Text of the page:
Dr. James "Jake" R Hinman, Assistant Professor

James Hinman

How would you describe your background? (I.E. where you are from? How did you first get interested in your area of research? Etc.)

When I was an undergrad, I was a philosophy major and I was taking some psychology courses. I took a neuro-biology of learning and memory course, loved it, the professor then asked me to work in his lab which I decided to do. Two weeks after I started working in the lab, I said “This is what I want to do for the rest of my life” and that’s what I’ve been doing for the rest of my life. I didn’t take another philosophy class, I jumped ship, and took just neuroscience and psychology courses even though I was only two classes shy of completing the philosophy major. Yeah, I’ve been working on that ever since—the research I started doing as an undergrad is what I’m still doing now which is studying the brain basis of spatial memory, how our brains’ code the environments that we traverse, how this information is used to guide our actions of, say, getting from one place to another based on our memory of locations we’ve been to before. All this is done in rodent models using in vido electrophysiology.

What is your favorite part about research? (Learning new things you didn’t expect, presenting the information at conferences, the writing process, etc.)

My absolute favorite thing, not just in research but in life, is recording from neurons. The actual activity of sitting there and then absorbing and listening to neuroactivity while an animal engages in some behavior is my favorite thing in the world and has been ever since I first started. That’s what got me hooked on all of this. When you are recording from a neuron in the brain, we can translate that to an auditory signal so we can listen to action potentials while sitting there and watching as an animal engages in some behavior. Then listening to the activity of a single cell in that animal’s brain, and being able to relate what the animal is doing to what we are hearing and seeing in terms of the cell’s activity is just so immensely fun to me.

What made the University of Illinois a good place to conduct your research?

I came out and loved all the people that I’ve met, which ultimately is one of the most important things, the people you have the opportunity to work with. It was very clear that across the university there are all the resources to do the research but ultimately all the universities have resources in terms of materials and lab space. But being able to work with nice supportive people really sealed the deal.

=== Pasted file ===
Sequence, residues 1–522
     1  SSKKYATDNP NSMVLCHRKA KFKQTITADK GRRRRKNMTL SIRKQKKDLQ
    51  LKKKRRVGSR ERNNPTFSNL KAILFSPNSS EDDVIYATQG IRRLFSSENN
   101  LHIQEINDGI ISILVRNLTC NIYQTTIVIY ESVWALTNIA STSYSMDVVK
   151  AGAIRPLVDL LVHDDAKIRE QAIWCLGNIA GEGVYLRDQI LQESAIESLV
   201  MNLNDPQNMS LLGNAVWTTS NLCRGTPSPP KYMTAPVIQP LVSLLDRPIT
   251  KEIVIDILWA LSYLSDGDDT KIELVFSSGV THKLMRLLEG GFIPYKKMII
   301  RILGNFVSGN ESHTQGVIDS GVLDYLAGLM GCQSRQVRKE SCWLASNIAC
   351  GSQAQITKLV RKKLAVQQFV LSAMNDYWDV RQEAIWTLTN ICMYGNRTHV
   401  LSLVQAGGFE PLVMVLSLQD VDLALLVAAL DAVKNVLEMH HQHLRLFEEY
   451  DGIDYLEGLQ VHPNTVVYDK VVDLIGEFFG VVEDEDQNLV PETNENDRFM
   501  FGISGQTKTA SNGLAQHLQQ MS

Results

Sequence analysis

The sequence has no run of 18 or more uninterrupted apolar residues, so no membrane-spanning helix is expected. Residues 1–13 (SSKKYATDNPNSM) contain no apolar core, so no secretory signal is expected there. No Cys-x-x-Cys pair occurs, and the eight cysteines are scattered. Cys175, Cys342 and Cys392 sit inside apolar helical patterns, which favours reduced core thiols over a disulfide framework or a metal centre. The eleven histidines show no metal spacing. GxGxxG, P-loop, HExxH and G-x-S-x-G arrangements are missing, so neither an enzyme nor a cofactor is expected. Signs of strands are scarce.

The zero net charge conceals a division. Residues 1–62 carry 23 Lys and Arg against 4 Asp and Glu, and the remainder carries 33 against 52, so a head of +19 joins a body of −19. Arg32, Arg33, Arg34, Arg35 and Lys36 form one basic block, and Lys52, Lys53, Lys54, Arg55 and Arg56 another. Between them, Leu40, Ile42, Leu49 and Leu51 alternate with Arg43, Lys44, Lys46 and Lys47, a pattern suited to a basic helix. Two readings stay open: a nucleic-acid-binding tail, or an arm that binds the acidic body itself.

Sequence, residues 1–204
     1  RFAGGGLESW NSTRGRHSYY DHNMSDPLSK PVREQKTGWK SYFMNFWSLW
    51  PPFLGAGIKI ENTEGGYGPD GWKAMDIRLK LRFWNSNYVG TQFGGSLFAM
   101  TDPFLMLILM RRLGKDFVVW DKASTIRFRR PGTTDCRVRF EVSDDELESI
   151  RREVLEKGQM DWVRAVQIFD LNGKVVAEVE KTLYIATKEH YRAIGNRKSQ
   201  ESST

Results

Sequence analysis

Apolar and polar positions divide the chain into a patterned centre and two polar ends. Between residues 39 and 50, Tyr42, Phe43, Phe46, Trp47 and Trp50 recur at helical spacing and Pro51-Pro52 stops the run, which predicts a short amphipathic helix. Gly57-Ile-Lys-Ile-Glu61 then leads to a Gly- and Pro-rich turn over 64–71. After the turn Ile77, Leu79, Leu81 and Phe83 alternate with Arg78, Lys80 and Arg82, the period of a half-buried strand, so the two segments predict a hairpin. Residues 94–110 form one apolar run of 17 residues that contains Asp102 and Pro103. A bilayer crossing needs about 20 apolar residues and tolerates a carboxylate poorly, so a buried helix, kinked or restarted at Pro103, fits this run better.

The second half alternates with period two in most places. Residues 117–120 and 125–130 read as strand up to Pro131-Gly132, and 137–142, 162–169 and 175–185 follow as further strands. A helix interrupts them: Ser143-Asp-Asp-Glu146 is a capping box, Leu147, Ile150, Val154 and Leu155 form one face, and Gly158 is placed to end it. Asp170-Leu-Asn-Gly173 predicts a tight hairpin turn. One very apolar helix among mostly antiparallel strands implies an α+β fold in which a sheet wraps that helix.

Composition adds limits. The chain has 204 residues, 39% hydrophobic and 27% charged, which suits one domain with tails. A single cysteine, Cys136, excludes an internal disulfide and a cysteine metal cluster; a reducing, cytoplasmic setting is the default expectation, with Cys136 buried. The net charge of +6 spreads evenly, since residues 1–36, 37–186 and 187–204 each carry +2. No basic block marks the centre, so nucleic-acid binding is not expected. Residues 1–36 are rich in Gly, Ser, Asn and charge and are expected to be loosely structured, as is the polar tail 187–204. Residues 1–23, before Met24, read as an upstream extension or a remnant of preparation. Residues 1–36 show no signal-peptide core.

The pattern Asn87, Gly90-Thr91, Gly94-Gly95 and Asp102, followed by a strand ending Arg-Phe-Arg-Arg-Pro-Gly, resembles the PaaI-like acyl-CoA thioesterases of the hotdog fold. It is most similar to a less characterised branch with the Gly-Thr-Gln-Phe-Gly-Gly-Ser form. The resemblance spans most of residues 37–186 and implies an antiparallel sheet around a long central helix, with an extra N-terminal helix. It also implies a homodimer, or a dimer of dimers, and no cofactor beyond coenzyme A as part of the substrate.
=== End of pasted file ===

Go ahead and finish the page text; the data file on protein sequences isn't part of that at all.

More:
Why are you interested in Spatial coding?

I love being able to relate neural activity to some easily observable either behavior or observable behavior. Space is a very easy conceivable one. We inhabit it, everything that we have ever done has occurred in it, and it’s very tangible. It makes it easy to think about, I guess. I know that makes me sound like I’m studying something simplistic, but that’s fine. That really is what it comes down to; it’s a clear variable, I can easily understand it and relate neural activity to it.

Can you talk about a time where were greatly challenged?

I’ve talked about this a few times since I’ve actually been here. So, the work I started during my post-doctoral fellowship is very challenging work. Yeah, you basically fail every day and then interspersed amongst all those failures are little tiny successes, but ultimately over the course of the project I did collect all the data, still, the publication process was incredibly challenging. We submitted it and got some very challenging reviews back from the reviewers and it was sort of going through that process that... Yeah, it was one of the few times during my career where I really questioned whether I wanted to be doing this type of work. Ultimately, we completed that paper. It a quite a successful paper but it was very challenging and it was just very fortunate that the project after that one was really a lot of fun. So I sort of had this nice contrast and it brought me back to what I enjoy doing and what I enjoy so much about science. I think if I had a follow-up project that was also very challenging, personally, or just scientifically, I don’t know if I would have stuck with it all.

What do you do in your spare time?

I very much enjoy cooking. Mostly just cooking and watching TV. I don’t really have any hobbies. Definitely on the weekends I like to spend several hours cooking an elaborate-ish meal.

What’s a fact about you that people don’t expect to learn?

I took time off during undergrad and I worked for a number of years as a baker. So, I have extensive experience baking, particularly breads!

If someone in the program, a student or a colleague, needed to refer to you but did not know your name, how would you prefer for them to describe you?

I don’t know. For right now, I just say “That New Guy.” Whatever is most effective.